This is sooo relevant to me right now. I just left home very suddenly due to danger and instability in the country where I grew up. Now, I’m newly arrived in the United States, and it seems like everyone has their schedule jam-packed and no expectation of even getting home before 9 or 10 pm, much less getting to bed earlier! I’ve discovered that going to bed late doesn’t work for me, even if I sleep in—8 hours from 11 to 7 just isn’t as restful as 8 hours from 9:30 to 5:30–but here, everyone stays up late and thinks nothing of it. After 10 days of sleep deprivation, I have to accept that while staying up late works fine for other people, it doesn’t work for me. Your post reminds me that it’s okay to accept that what works for everyone else isn’t necessarily good for me. Being low-maintenance doesn’t have to be my #1 priority right now, and I don’t need to feel guilty about choosing to go to bed a little earlier.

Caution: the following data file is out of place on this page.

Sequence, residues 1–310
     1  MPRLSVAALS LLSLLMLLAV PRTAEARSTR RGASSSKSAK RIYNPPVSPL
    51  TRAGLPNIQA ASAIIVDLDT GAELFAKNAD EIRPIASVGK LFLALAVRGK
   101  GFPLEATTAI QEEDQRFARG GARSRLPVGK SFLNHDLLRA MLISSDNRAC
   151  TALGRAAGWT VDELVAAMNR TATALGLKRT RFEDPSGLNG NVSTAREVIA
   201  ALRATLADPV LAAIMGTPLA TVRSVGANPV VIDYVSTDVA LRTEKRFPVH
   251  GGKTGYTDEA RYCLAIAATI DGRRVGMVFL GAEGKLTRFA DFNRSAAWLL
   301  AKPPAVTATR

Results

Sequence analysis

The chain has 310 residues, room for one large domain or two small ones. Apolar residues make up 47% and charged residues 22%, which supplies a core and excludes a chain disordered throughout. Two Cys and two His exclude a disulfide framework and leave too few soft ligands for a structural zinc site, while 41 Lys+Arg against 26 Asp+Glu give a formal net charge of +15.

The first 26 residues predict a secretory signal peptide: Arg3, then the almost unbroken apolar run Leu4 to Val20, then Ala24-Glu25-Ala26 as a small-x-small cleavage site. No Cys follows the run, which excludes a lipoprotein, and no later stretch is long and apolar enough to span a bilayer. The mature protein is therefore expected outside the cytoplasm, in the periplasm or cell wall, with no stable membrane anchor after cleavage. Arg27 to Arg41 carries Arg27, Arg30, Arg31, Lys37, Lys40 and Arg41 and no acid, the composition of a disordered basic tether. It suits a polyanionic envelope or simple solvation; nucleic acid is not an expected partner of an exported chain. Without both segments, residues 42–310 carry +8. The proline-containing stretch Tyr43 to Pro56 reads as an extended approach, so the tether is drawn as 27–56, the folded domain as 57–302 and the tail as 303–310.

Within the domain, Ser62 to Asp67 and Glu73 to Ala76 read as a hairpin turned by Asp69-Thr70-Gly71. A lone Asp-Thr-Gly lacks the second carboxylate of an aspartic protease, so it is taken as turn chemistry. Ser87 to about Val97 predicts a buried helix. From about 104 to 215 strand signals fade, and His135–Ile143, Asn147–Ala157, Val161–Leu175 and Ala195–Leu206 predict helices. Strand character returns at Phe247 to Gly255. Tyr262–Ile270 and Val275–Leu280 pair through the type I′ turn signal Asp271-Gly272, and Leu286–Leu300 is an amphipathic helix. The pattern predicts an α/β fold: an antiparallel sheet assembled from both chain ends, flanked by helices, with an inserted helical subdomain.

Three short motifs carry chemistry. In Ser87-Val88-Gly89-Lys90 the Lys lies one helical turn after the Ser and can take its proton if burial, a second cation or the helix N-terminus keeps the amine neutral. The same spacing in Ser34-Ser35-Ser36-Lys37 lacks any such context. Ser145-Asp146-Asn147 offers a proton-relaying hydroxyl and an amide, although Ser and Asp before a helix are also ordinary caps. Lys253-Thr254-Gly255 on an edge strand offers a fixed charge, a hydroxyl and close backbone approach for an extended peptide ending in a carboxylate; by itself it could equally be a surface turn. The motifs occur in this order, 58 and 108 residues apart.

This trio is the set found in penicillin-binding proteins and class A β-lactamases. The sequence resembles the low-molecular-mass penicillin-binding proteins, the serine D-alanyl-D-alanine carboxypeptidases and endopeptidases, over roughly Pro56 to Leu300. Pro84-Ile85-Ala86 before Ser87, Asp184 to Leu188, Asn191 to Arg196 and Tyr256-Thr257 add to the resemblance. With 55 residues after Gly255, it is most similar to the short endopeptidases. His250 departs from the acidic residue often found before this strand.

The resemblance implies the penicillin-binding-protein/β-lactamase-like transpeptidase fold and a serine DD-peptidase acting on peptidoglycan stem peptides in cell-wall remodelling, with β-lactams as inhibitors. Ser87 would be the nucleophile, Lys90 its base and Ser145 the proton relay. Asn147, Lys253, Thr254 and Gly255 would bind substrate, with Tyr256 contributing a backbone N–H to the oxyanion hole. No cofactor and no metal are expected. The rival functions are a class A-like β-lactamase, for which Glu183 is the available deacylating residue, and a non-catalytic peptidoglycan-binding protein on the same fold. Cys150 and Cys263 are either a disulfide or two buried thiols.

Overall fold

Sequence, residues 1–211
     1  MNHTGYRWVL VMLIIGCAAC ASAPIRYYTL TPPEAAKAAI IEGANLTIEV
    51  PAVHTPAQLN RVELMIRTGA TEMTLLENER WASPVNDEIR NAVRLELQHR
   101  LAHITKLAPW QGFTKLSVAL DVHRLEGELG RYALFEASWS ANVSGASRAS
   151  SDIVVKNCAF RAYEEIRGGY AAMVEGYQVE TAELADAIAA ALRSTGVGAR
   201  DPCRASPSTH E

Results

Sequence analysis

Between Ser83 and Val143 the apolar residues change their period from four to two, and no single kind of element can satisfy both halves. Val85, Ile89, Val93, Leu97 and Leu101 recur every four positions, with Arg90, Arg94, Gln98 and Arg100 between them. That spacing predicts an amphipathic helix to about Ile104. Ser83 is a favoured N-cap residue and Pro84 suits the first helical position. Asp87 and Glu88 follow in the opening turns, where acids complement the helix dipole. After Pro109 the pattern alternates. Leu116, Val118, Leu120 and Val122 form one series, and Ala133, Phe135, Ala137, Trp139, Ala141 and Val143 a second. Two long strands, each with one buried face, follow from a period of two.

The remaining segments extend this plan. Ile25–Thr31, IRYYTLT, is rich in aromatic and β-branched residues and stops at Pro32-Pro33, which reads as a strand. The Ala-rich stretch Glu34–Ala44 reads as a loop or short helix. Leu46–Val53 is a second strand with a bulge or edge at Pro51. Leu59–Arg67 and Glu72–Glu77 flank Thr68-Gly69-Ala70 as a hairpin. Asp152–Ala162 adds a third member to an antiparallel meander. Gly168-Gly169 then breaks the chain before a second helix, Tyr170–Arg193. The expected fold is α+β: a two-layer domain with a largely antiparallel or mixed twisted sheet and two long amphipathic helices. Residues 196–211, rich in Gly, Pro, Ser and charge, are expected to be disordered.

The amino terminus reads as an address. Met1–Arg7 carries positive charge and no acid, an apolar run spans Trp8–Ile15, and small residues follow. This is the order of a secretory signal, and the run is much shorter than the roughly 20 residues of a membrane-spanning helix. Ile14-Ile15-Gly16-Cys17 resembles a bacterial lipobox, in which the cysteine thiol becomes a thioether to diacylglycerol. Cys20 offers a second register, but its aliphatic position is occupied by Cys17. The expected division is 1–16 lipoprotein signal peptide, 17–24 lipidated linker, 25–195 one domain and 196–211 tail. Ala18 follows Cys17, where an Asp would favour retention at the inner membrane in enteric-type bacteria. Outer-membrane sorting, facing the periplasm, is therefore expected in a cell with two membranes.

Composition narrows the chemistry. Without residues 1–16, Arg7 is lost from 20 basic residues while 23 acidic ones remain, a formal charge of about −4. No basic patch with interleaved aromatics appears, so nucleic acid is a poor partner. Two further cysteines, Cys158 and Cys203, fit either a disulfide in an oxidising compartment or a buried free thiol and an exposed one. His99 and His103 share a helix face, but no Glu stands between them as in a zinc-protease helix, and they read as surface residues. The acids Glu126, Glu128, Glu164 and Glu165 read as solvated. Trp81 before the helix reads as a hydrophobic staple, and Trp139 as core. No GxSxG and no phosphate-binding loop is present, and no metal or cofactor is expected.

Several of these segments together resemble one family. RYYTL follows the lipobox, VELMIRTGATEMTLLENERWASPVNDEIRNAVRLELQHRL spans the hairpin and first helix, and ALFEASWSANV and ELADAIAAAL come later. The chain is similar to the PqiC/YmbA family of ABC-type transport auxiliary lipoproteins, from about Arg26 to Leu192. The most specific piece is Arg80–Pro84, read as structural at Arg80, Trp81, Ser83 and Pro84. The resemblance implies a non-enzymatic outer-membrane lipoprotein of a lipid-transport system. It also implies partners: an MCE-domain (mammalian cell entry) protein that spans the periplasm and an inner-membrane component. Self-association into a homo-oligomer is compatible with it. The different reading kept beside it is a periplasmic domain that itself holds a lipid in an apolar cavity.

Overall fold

55. I realized a couple of years ago that for me, “low maintenance” was code for “I’m not worth it”. I told myself a story that I was low maintenance while secretly being envious of women who were higher maintenance. It was part of my poverty mentality and I’ve worked on overcoming it ever since!

  56. Sarah says:

    I’ve accepted that I will always need more sleep than other people. I noticed during college when I went to bed at 11, but people stayed up all night to study. I tried to fight it while I was an intern and after college, but it made me feel miserable.
    I later found out that due to a genetic disorder that I didn’t know even existed, but I have, I also have hypersomnia. But, I also tend to get insomnia. So I can end up in bed until noon.
    I can’t handle sad books. I really loved the book club pick about the man who married the former actress, but halfway through, I had to put it down. I couldn’t finish it. I can read certain types of sad, and sometimes I am in the right mood, but if I am under any stress, forget it!
    And I keep fighting my naturallly fine and thinner hair with styling products, styling, and cuts. I haven’t given up head. I love big hair. I want full hair!
    Oh—and pretty handwriting. I journal, fill out my calendar, etc., but my handwriting is never what I want!